PUBLISHED: 15:08 18 December 2013 | UPDATED: 15:09 18 December 2013
Archant Norfolk 2012
While most of us are sitting on the sofa, recovering from the over-indulgences of Christmas, hundreds of hardy souls around our coastline are braving the winter weather and preparing to take a plunge in the freezing North Sea.
Raising thousands of pounds for charity, the swims are a real community event and are as much a part of festive traditions as mince pies and turkey for many.
The Cromer swim on Boxing Day is one of the most popular and biggest in the region – last year more than 300 swimmers braved the conditions and ran into the sea, with huge crowds cheering them on from the promenade. The event, organised by the North Norfolk Beach Runners, started in 1985 when some members decided to do it as a bit of a dare and it has gone from strength to strength.
Clive Hedges, one of the organisers, has been taking part for 12 years: “Actually I really look forward to it, it is just so exhilarating, plus I get good bragging rights for the rest of Christmas. The coldest one was a couple of years ago when there was actually snow and ice on the ground. That was pretty chilly! Ours is a double dip swim. The siren goes and you run in, then you run out, then it goes again and you all run back in again. The unwritten rule is that you have to get your hair wet, whether that is dunking under or splashing yourself.”
There is a beach run first if people want to join in, followed by the swim. People are encouraged to wear fancy dress but, laughs Rob, it shouldn’t be used to hide a wet suit.
“Wet suits are not really in the spirit of things, but I have seen them hidden under funny costumes. We get a lot of Santas, and last year a couple of people wore ‘mankinis’ - I think they regretted that choice when they got out. I always do the run first, so me and the other members of the team tend to go straight in wearing our running shorts and vests.”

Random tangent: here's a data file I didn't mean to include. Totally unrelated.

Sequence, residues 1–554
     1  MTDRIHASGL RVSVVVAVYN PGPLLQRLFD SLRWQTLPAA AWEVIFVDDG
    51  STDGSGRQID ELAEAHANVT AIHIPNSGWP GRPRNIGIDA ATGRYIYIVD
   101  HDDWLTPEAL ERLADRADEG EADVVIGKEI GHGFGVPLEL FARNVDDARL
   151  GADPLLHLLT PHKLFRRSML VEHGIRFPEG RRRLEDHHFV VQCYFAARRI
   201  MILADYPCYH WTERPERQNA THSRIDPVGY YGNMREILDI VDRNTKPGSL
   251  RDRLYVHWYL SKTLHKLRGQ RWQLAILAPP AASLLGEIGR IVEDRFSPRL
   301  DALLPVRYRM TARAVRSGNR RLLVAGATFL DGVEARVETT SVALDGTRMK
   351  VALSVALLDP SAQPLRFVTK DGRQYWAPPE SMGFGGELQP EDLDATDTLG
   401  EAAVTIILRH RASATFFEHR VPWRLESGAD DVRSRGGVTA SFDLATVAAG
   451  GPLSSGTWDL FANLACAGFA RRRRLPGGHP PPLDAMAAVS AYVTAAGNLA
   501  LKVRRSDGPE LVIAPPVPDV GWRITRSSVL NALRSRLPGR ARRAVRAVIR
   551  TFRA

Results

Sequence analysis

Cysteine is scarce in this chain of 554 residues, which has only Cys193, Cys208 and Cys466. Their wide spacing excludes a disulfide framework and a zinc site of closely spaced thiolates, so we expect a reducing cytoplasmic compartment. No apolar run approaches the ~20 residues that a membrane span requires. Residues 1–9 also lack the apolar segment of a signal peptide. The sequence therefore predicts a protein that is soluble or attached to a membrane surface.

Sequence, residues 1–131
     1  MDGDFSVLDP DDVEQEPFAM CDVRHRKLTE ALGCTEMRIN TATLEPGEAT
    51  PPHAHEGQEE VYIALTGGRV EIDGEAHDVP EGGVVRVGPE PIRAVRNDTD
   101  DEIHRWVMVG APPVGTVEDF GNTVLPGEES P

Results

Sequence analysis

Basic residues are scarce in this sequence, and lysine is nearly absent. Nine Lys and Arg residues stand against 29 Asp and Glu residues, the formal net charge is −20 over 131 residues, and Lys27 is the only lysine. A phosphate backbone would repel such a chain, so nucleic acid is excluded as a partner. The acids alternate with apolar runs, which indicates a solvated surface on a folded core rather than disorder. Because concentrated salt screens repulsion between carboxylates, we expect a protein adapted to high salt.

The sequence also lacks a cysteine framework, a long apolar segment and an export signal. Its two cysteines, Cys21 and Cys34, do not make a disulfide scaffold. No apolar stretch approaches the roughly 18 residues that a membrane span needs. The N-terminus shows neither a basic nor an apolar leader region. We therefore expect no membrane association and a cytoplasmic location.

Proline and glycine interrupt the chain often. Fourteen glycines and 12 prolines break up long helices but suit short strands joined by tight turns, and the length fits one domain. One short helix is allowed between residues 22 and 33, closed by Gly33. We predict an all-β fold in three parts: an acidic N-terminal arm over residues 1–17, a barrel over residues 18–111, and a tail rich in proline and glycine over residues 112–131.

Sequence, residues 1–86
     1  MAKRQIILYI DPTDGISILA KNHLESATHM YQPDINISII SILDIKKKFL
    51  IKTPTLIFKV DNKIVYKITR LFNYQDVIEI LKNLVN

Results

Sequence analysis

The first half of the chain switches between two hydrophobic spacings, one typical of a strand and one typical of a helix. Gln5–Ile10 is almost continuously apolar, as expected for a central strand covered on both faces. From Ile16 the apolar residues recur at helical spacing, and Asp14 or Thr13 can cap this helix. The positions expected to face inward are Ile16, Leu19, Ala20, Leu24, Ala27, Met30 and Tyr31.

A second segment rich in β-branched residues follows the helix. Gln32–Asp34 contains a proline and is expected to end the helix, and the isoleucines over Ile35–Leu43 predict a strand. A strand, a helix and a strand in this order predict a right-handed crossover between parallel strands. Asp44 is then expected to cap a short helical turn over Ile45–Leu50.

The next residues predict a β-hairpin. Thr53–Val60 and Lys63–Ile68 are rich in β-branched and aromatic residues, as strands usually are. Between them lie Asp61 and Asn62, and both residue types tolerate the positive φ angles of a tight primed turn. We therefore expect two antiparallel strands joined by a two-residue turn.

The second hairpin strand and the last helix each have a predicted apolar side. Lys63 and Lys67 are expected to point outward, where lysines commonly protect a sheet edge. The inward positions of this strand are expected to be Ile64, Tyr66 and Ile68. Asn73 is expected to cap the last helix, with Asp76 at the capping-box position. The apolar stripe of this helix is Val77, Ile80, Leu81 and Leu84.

The crew from Cromer Lifeboat and the coastguards are on hand to make sure everyone stays safe and they always position someone in the sea close to the swimmers.
“My advice would always be to wear shoes because the stones are difficult and can be really sharp and slippery, so a pair of old trainers will do the job. And my other top tip is to bring an old dressing gown to put on as soon as you get out of the sea because your hands are sometimes so cold that trying to get dressed is a nightmare. The dressing gown will help you warm up quickly, which is really important as sometimes the air temperature in contrast to the sea seems warmer than it is and that is when the cold can set in.”
The Cromer swim is organised by the North Norfolk Beach Runners. The run is at 10am and the swim starts at 11am sharp; www.nnbr.co.uk.
Other swims around the coast include:
Hunstanton – Christmas Day, register at the Oasis Leisure Centre at 10.30am, swim starts at 11am. Run by the Hunstanton and District Round Table, this swim has been going for 50 years. There will be hot soup for the swimmers; www.hunstantonroundtable.com/xmas-swim.
Gorleston – New Year’s Day, 10.30am. Register in advance or on the day under the bandstand at Gorleston from 9.30am, £5. Proceeds to St Elizabeth Hospice in Suffolk which cares for and supports people living with a progressive illness from its bases in Gorleston, Lowestoft, Beccles and Ditchingham; www.stelizabethhospice.org.uk/events, 01473 727776.
Mundesley – Boxing Day, 11am. Turn up on the day. The swim has been going for more than 30 years and raises funds for the lifeboat station in the village as well as other local causes. There are prizes for the best fancy dress.
Southwold – Christmas Day, 10.30am to 12pm, Gun Hill Beach; www.southwoldrotary.co.uk.